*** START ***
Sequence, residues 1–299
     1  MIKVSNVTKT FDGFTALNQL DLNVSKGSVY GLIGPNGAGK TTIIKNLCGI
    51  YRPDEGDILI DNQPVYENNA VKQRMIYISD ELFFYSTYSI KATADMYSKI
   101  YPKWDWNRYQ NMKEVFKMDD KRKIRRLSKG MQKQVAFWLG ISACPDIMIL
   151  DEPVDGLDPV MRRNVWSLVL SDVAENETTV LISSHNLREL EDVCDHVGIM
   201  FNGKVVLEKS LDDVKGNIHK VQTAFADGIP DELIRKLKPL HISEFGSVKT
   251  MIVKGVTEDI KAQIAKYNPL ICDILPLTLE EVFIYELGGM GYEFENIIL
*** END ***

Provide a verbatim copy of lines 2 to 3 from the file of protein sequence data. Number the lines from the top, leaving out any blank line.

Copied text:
     1  MIKVSNVTKT FDGFTALNQL DLNVSKGSVY GLIGPNGAGK TTIIKNLCGI
    51  YRPDEGDILI DNQPVYENNA VKQRMIYISD ELFFYSTYSI KATADMYSKI